The work: In 2012 Dr. Charpentier and Dr. Doudna published the description of a revolutionary new genome editing technology that uses an engineered single-guide RNA together with the DNA-cleaving enzyme Cas9 to readily manipulate the genomic DNA of individual cells. The CRISPR-Cas9 technology has given biologists the equivalent of a molecular surgery kit for routinely disabling, activating or altering genes with high efficiency and precision. Their collective work has led to the breakthrough discovery of DNA cleavage by Cas9, a dual RNA- guided enzyme whose ability to cut double-stranded DNA can be programmed by changing the guide RNA sequence. Recognizing that such an activity could be employed as a molecular tool for precision genome engineering in various kinds of cells, their teams redesigned the natural dual-RNA guide as a single-guide RNA (sgRNA), creating an easy-to-use two component system.
The impact: This technology is transforming the fields of molecular genetics, genomics, agriculture and environmental biology. RNA-guided Cas9 complexes are effective genome engineering agents in animals, plants, fungi and bacteria. The CRISPR-Cas9 technology is being used in thousands of laboratories around the world to advance biological research by engineering cells and organisms in precise ways.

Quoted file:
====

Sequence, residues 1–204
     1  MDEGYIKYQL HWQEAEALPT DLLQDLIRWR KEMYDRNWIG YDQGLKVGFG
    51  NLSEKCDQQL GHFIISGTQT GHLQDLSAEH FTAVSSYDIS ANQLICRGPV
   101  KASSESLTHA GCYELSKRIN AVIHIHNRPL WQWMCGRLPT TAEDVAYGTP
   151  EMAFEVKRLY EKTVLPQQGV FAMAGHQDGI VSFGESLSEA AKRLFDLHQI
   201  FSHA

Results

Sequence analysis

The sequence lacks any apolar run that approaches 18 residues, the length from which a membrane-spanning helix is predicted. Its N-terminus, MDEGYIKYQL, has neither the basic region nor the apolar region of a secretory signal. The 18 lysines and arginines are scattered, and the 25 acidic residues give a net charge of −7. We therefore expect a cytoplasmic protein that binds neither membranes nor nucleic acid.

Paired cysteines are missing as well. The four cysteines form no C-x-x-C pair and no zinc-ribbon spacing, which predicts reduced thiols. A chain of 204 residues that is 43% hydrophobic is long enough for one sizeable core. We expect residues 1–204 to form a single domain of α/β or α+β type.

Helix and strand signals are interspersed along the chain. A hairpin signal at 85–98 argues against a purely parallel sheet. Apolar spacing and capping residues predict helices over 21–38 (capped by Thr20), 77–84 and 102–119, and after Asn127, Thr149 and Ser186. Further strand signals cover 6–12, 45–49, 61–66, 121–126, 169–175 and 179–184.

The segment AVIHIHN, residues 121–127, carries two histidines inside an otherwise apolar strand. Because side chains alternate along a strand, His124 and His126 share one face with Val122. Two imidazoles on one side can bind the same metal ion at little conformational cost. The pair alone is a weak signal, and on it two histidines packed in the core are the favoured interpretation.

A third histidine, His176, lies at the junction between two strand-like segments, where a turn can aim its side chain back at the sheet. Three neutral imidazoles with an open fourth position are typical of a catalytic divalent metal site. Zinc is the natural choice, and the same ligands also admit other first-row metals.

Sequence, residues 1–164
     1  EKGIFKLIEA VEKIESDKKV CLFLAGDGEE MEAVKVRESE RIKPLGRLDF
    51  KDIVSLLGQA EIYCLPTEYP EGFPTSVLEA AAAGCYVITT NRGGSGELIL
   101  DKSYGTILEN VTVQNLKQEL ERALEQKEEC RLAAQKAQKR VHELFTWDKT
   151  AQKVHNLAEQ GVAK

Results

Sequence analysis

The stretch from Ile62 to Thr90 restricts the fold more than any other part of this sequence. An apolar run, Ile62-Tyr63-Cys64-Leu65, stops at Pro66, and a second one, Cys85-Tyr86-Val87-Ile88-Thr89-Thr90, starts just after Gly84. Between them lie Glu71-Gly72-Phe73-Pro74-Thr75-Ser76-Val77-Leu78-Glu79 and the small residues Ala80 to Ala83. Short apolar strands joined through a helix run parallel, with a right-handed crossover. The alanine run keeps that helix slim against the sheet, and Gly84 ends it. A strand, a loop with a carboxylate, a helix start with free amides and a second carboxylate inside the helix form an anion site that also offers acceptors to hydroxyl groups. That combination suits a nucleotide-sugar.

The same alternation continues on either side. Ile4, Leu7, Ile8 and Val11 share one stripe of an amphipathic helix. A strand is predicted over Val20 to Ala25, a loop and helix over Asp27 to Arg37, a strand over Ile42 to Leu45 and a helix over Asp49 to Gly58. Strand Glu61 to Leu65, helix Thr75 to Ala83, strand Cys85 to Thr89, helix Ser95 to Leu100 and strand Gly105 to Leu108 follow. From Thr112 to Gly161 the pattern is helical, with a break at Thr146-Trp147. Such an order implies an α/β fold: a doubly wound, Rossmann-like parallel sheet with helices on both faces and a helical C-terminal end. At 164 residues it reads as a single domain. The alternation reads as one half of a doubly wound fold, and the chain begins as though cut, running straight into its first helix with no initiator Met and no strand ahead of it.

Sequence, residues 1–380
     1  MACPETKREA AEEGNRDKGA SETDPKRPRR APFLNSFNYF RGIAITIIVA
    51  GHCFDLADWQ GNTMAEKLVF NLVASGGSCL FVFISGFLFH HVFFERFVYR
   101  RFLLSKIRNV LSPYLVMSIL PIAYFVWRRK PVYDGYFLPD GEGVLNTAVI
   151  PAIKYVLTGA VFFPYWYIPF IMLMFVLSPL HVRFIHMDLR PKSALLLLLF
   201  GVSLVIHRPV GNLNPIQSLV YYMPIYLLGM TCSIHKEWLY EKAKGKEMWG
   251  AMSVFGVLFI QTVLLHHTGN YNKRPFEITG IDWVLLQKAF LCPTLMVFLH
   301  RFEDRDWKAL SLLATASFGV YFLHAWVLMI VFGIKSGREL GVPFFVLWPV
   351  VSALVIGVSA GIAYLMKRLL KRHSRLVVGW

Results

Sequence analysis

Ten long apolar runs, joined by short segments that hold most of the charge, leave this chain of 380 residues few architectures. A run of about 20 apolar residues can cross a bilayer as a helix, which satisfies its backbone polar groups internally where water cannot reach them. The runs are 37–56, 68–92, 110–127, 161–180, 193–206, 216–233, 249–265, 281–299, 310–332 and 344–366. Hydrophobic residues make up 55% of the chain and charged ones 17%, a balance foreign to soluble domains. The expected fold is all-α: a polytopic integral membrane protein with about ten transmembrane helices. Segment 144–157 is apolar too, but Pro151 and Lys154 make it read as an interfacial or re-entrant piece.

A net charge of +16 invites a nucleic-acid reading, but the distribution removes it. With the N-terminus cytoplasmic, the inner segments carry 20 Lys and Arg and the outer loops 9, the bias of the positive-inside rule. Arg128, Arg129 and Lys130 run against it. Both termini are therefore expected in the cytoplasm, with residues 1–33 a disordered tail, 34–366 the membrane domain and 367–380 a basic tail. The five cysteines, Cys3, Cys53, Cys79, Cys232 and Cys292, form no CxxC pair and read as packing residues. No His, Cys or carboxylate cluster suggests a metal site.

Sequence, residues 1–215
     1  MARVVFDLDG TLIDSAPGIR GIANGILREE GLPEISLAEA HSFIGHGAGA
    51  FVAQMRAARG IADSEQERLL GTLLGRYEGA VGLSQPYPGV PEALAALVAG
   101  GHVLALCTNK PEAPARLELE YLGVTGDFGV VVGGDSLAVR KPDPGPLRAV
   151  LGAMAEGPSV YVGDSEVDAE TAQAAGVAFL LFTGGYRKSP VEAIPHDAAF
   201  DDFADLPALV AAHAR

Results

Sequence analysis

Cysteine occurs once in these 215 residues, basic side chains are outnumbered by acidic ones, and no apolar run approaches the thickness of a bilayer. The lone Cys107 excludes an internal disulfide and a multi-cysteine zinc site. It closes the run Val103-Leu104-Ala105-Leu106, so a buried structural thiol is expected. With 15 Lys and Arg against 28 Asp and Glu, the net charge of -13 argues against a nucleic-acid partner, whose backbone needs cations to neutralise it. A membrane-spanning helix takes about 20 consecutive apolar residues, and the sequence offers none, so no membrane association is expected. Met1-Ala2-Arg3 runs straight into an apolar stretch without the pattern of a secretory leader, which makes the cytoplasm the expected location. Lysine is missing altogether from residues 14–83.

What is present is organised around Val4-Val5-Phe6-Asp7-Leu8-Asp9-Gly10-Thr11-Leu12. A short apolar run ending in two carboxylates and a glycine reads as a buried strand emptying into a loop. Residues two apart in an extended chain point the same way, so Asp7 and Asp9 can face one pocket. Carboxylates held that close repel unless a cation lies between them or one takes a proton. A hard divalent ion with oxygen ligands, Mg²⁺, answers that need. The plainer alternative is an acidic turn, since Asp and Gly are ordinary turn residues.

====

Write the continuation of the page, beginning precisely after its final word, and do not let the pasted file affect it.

Jennifer Doudna is the Li Ka Shing Chancellor’s Chair in Biomedical and Health Sciences and she is Professor of Molecular and Cell Biology and Professor of Chemistry at UC Berkeley and an Investigator of the Howard Hughes Medical Institute. Prof. Doudna’s research seeks to understand how RNA molecules control the expression of genetic information in cells. Her research led to insights about CRISPR-Cas9-mediated bacterial immunity that enabled her lab along with collaborator Emmanuelle Charpentier to harness this system for efficient genome engineering in animals and plants, creating a transformative technology that is revolutionizing the fields of genetics, molecular biology and medicine. She is a member of the National Academy of Sciences, the American Academy of Arts and Sciences, the National Academy of Medicine and the National Academy of Inventors. She is also a Fellow of the American Association for the Advancement of Science and the American Society for Microbiology. Dr. Doudna is a recipient of awards including the NSF Waterman Award, the FNIH Lurie Prize, the Paul Janssen Award for Biomedical Research, the Breakthrough Prize in Life Sciences, the Princess of Asturias Award (Spain), the Gruber Prize in Genetics, the Massry Prize and the L’Oreal-UNESCO International Prize for Women in Science. Dr. Doudna has been named as one of Time Magazine’s 100 most influential people in the world (2015) and as one of Foreign Policy’s leading global thinkers (2014). Dr. Doudna is a founder and the executive director of the Innovative Genomics Institute at UC Berkeley and UC San Francisco.